Reduced Frequency of Biological and Increased Frequency of Adopted Children in Males With 21-Hydroxylase Deficiency: A Swedish Population-Based National Cohort Study

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Fertility in males with 21-hydroxylase deficiency (21OHD) is unclear.


Study fertility outcome in males with congenital adrenal hyperplasia.

Design, Setting, and Participants:

Males ≥15 years old with 21OHD (n = 221) were compared with controls matched for sex and year and place of birth (n = 22,024). Data were derived by linking national population-based registers. Subgroup analyses were performed regarding phenotype [salt-wasting (SW), simple virilizing (SV), and nonclassic (NC)] and CYP21A2 genotype (null, I2 splice, I172N, and P30L) and stratified by the introduction of neonatal screening.

Main Outcome Measures:

Number of biological and adopted children.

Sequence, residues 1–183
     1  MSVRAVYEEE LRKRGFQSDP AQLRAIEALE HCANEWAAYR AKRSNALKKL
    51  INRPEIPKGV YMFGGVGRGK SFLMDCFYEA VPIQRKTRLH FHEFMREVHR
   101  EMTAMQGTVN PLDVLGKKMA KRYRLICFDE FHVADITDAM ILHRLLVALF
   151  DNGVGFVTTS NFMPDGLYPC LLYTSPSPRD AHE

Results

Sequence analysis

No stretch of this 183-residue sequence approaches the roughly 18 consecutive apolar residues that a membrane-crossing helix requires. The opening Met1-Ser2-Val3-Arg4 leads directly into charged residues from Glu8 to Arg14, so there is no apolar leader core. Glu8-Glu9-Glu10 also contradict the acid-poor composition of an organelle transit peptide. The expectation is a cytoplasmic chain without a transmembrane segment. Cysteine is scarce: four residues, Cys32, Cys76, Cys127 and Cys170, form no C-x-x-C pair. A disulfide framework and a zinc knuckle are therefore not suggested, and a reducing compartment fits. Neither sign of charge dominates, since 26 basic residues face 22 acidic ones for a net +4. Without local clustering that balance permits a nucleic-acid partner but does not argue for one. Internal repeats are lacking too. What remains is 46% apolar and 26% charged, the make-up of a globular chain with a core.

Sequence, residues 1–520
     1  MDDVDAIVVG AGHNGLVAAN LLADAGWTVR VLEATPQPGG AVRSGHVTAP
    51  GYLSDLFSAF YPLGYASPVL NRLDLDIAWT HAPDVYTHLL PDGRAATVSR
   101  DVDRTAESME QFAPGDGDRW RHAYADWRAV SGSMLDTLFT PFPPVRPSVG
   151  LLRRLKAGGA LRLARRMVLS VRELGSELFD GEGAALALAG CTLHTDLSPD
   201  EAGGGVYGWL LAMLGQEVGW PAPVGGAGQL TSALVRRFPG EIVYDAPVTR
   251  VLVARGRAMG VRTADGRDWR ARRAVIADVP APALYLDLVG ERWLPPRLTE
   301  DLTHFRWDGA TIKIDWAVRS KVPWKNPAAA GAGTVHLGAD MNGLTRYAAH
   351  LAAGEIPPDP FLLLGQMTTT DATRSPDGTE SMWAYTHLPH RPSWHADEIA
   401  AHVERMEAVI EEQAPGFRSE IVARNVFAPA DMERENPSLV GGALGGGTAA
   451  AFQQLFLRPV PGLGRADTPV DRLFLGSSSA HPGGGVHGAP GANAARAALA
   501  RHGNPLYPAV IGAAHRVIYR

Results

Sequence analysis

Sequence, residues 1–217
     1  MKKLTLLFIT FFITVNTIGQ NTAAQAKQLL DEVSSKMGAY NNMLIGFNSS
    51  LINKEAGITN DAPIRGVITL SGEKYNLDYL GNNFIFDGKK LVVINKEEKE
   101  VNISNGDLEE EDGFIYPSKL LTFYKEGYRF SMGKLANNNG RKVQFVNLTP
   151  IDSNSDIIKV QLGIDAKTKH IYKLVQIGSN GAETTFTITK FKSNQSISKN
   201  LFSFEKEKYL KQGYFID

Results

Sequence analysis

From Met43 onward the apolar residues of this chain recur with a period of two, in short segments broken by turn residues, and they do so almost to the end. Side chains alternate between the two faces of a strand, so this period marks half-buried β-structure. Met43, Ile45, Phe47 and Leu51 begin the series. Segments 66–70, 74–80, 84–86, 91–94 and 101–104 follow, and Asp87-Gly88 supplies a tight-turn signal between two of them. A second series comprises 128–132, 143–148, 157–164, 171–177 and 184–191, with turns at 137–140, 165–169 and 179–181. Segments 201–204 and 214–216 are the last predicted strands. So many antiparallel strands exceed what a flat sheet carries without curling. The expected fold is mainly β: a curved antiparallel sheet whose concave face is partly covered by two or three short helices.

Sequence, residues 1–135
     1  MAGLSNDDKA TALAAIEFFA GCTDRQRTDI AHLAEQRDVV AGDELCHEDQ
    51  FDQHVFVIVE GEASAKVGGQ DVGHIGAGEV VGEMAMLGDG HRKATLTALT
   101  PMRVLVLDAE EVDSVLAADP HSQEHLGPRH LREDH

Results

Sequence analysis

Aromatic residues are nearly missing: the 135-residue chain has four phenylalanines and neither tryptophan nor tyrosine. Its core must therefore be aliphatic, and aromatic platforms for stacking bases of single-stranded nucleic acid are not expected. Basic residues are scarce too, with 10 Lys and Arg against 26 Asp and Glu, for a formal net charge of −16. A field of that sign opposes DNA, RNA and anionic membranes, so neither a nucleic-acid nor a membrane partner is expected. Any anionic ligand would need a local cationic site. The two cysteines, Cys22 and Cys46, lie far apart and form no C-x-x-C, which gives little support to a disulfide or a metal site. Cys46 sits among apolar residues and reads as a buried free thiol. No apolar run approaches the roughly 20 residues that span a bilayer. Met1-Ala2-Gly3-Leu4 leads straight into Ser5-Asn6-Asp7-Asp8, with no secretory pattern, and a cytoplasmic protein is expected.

Males with 21OHD were less likely to be fathers of biological children [odds ratio (OR), 0.5; 95% confidence interval (CI), 0.4 to 0.7; after adjusting for socioeconomic characteristics: OR, 0.4; 95% CI, 0.2 to 0.5]. This was true for SW, SV, I2 splice, and I172N, but not for NC, null, and P30L groups (all adjusted). Among patients born before the neonatal screening introduction, fewer were fathers (adjusted OR, 0.3; 95% CI, 0.2 to 0.5), but this normalized in those born afterward. Adoption was more common in the 21OHD males (OR, 2.9; 95% CI, 1.0 to 7.9) and the SV and I172N subgroups. Age at becoming a father, marriage, region of residence, and education were similar, but fewer patients had high incomes. NC and I172N groups had, however, higher academic degrees and NC patients were more often married, whereas SW and I2 splice patients were more often divorced.


21OHD was associated with a reduced frequency of biological children and an increased frequency of adopted children, suggesting impaired fertility, although some subgroups had normal fertility.

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